Ever decreasing circles…

Back from holiday, and before for further ado it is worthwhile noting a number of the usual suspects:

Declines in M4 lending continue in the UK – M4 lending ex securitisations and intermediate OFCs declined by 2.1bn or -0.1% in November. With high levels of debt, current and expected continuing deleveraging, weak to negative broad money supply growth is not unexpected. However the margin of decline needs to be set against the much higher consumer price inflation rate meaning that real money supply growth is falling at a much faster rate. This is on the back of recently reported weak Eurozone money supply growth. As long as we have deleveraging we will have weakness in the core financial system and for those highly indebted sovereigns, continued stress in raising debt and maintaining credit ratings etc.

There were weak retail sales in Novemberin the Euro area, down 0.8% on October and by 2.5% on the year before. Negative fourth quarter growth in GDP was also provisionally reported in Germany.

The US economy continued to show resilience through to November, but supported through imbalances in the wrong areas: low savings rates, weak growth in personal disposable income, increased consumer borrowing, increasing US government indebtedness and high inventory levels. US consumption still represents too high a component of GDP and debt deleveraging is likely to recommence at some point in the near future.

According to the November report of personal incomes and outlays by the BEA, real personal disposable income has fallen by 0.35% (per capita has fallen by 0.81%) since April (nominal it has risen by 0.4%) with savings rates have fallen to 3.5% in November from 4.8% in April. All this while consumer credit has risen by over 3% over the last year.

While consumer credit growth of 3.1% year on year is on the low side historically, it is significant when set against high debt levels, high unemployment and when set against low GDP growth and low savings rates.

But let us look at the overall picture using formal data to the third quarter from the Federal Z1 accounts extended to November re the recent BEA data and Federal Reserve consumer credit data:

The following chart shows the quarterly changes in (Millions) personal disposable income, consumer credit and the reduction in personal savings relative to the savings rate in the second quarter of 2009 set against the quarterly change in personal outlays. It shows in particular the importance of the reduction in savings and increase in consumer credit to economic activity from the second quarter onwards in particular.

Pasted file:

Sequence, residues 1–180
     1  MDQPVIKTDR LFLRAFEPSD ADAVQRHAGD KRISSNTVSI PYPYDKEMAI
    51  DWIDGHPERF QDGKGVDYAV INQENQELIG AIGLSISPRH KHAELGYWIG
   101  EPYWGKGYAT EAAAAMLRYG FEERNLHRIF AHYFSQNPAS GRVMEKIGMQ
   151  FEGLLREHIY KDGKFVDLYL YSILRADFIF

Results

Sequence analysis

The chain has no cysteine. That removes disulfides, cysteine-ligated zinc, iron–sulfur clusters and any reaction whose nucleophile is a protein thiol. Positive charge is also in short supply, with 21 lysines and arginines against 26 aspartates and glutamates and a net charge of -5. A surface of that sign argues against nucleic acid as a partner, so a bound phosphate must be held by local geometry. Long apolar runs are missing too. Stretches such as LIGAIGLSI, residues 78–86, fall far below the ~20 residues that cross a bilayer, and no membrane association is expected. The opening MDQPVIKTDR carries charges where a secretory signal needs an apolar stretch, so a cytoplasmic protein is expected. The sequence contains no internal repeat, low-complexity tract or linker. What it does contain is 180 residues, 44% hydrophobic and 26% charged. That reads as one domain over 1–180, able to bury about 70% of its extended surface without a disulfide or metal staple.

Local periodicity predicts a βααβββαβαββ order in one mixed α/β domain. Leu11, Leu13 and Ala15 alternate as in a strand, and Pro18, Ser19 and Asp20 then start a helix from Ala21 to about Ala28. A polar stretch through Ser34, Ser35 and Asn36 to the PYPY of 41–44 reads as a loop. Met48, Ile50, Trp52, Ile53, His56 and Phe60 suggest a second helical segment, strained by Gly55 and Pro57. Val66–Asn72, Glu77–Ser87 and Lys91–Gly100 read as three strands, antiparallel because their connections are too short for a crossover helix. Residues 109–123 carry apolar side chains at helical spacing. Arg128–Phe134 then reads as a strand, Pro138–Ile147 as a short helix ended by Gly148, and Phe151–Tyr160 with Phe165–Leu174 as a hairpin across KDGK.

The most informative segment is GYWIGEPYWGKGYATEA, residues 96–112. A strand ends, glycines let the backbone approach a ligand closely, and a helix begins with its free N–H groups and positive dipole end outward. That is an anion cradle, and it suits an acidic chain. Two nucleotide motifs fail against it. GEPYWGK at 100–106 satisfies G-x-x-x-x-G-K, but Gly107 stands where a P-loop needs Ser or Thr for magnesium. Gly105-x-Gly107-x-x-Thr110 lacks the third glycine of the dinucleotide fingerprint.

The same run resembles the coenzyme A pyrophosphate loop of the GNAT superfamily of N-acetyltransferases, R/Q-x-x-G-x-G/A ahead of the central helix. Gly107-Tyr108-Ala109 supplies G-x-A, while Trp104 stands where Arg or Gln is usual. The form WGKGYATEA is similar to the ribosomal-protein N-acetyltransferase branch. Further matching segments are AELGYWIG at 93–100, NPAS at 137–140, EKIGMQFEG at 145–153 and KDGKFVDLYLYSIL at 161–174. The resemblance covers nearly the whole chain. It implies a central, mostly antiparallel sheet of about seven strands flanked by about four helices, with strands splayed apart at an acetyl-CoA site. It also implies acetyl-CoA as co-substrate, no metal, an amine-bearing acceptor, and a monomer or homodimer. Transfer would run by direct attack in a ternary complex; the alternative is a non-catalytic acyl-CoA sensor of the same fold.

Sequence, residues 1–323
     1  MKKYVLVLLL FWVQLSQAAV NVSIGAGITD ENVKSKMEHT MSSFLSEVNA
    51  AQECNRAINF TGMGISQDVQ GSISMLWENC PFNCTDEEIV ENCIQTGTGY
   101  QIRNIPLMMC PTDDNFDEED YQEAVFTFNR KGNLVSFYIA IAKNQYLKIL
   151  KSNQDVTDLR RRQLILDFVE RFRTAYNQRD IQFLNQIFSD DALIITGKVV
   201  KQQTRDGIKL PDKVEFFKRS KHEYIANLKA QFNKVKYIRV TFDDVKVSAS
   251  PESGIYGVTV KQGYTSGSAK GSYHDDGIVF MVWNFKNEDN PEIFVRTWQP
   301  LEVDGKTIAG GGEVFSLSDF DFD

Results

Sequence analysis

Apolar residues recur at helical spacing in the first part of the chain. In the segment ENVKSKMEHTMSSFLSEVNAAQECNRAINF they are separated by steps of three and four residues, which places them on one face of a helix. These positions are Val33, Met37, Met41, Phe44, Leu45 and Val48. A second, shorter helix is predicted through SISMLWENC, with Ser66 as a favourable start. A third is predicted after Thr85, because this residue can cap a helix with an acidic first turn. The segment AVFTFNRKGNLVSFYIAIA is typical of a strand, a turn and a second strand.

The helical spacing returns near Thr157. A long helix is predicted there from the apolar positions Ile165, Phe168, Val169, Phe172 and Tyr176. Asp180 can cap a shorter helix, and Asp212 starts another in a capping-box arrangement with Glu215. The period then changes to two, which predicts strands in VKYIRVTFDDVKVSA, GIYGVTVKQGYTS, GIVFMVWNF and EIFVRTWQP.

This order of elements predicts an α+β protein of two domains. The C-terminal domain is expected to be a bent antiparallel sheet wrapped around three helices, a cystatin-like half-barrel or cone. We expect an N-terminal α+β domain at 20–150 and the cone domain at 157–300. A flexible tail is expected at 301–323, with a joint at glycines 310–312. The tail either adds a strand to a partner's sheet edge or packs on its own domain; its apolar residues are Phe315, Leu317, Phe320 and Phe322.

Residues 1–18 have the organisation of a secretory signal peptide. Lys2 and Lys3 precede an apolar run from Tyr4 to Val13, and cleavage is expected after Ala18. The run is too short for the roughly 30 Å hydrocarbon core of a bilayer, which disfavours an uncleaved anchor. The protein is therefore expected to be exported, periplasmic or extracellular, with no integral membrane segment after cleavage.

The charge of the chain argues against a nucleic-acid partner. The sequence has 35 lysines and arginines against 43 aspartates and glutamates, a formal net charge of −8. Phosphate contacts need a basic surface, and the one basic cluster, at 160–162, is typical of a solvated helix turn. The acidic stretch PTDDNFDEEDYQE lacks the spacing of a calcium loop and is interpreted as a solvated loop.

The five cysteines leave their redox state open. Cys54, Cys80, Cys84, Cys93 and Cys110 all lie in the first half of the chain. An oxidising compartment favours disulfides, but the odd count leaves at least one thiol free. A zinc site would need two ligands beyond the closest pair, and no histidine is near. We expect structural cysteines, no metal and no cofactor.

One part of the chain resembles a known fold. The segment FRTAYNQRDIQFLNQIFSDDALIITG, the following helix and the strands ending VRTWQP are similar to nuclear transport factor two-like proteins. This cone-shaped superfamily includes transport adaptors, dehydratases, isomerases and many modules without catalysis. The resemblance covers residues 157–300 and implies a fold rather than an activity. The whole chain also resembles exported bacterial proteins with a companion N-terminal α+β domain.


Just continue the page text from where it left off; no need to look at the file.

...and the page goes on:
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Looked at another way:

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The above shows the marginal expenditure power of the three different options – disposable income increases, DPI + savings reduction, and DPI + credit increases + reduction in savings. This can of course go the other way as we saw at the start of the period.

Finally, government transfer receipts typically made up some 14% of gross household and non profit personal income prior to the crisis, but this increased to some 18% since then. If we look at the relative importance of this factor relative to the above we have idea of the potential impact of fiscal austerity on US final demand.

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Central banks and governments continue to prop up the both the financial system (increasingly so) and the economy in the US and Europe in particular. We should not forget that the only reason the financial system remains operational is because of this support, and support will likely remain in place for some time yet.

The Bank of England’s balance sheet (assets) has expanded since the onset of the crisis, while UK banks domestic assets have fallen: source data for the following charts is taken from the B of E statistical database.

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And UK banks sterling assets, holdings of government securities and advances to UK residents from January 2010…

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